2017 Developer trends in virtual reality and augmented reality
Guest post by CEO Beck Besecker and Product Manager Vince Kilian at Marxent Labs.
Virtual reality (VR) and augmented reality (AR) are growing up. Looking ahead to 2017, it is bound to be a pivotal year in the development of VR and AR. We saw a flood of new hardware releases in 2016, along with bold new content from developers that were still learning to harness the power of head-mounted displays (HMD) like the HTC Vive and Oculus Rift.
Bold Predictions for 2017
As VR and AR platforms mature in 2017, the competition will be on to see who can come up with the killer application that will drive widespread adoption over the next 12 months. Here’s what we predict will likely be some of the big VR/AR stories next year.
Apple Enters AR/VR Space
In 2017, we may finally see Apple make a move into the AR/VR space. For one, they’ve been gathering tech and talent through acquisition. Recent examples include Metaio (AR), Flyby Media (AR), Perceptio (machine learning, image recognition), Faceshift (motion capture), and Turi (machine learning). Tim Cook, CEO of Apple, has also been talking up AR in press interviews, and it’s not a stretch to expect some kind of AR implementation in the next iPhone. Developers should expect concrete news on Apple’s AR/VR plans at the WWDC in June.
Goodbye Bug Eye Displays, Hello Sleek and Sexy
Whether Apple jumps into the VR HMD market is another story. After more than 20 years of HMDs being stigmatized as little more than “giant nickelodeons stuck to your face,” VR hardware is finally getting sexy enough to fit in with a modern lifestyle. Head and motion tracking technology have vastly improved, as have machine learning and persistence of memory, which allow for systems that know where you are and make it possible for the user to interact with the physical world draped in a digital shell.
Gesture Recognition Will Rule
There’s still work to be done, however, and in 2017 we expect to see further breakthroughs on the tech side. The race is on to develop a gesture-based system that eliminates the need for clunky hand controllers. The first company that brings the user’s hands into the VR experience should gain a major competitive advantage. We also expect the shift to wireless technology will become more pronounced in 2017. Yes, Gear VR and Daydream got there first, but the implementation has plenty of room for improvement.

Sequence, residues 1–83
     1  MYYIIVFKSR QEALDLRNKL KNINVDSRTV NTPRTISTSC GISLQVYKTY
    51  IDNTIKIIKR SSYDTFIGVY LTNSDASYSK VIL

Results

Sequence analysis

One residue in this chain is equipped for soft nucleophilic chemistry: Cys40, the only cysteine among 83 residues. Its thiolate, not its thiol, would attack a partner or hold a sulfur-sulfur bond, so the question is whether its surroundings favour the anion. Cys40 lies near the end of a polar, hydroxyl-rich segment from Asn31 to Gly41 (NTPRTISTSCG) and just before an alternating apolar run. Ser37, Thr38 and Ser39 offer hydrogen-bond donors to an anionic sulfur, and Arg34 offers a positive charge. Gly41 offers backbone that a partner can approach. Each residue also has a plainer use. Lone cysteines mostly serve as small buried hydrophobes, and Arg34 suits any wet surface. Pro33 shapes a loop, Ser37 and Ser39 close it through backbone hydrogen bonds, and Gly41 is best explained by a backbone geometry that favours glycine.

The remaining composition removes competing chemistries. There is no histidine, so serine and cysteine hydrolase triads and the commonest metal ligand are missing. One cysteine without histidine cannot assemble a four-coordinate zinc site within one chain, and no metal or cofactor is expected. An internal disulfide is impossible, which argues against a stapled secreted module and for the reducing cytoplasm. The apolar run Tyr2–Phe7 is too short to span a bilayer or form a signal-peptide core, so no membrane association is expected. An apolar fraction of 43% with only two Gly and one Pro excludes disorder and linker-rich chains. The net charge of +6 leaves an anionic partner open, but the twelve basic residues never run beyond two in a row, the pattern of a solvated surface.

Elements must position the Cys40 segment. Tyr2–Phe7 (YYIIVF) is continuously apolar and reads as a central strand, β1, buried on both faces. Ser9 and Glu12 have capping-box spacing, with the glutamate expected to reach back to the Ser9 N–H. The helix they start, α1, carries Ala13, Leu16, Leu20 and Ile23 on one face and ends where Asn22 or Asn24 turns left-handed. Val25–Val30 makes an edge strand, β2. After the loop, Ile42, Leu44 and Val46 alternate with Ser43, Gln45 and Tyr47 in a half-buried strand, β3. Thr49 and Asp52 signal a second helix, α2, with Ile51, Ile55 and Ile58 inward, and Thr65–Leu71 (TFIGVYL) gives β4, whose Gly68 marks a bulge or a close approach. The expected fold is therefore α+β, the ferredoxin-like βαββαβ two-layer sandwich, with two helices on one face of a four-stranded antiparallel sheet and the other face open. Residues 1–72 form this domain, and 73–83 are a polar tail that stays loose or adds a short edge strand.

Hardware Prices: How Low Can They Go?
Finally, 2017 we expect to see price reductions on hardware. I expect to see a $1,500 Microsoft Hololens available to consumers by year’s end (2016 price: $3,000), and both the HTC Vive and Oculus Rift should see downward pressure as well. By year’s end, we may even see a new generation of hardware either launching or on the pad and ready for liftoff.
How to Get Started: List of Resources for Developers
There are plenty of existing tools that are a must for any VR developer. Both HTC and Oculus have online portals that guide would-be developers thought the specific ins and outs of each platform. There’s also the straightforwardly titled Google VR, which offers APIs for development with Unity, Android, iOS, and Unreal Engine. Speaking of Unity, the “Learn with Unity” page offers resources, tutorials, and more for developers of all skill levels.
The very tools developers use to create VR content are undergoing a seismic shift. 2017 may be the year that “VR designed in VR” becomes a thing when developers begin to embrace the Unreal Engine VR Editor. Using Unreal Engine, developers will don an HMD and enter a VR design construct where they can alter every aspect of the landscape with a few waves of the hand. Until now, developers have been limited to designing 3D worlds in the same way they built the 2D landscapes of years past. This change in process would inspire a shift in thinking that will push VR design to new heights of engagement never before seen in digital entertainment.
No matter what happens, 2017 promises to be one of the most exciting years ever in the continued development of Virtual Reality and Augmented Reality technology.
Learn more about Augmented and Virtual Reality at Marxent.com/blog.
“These materials include predictions that are subject to uncertainties and actual outcomes may vary.”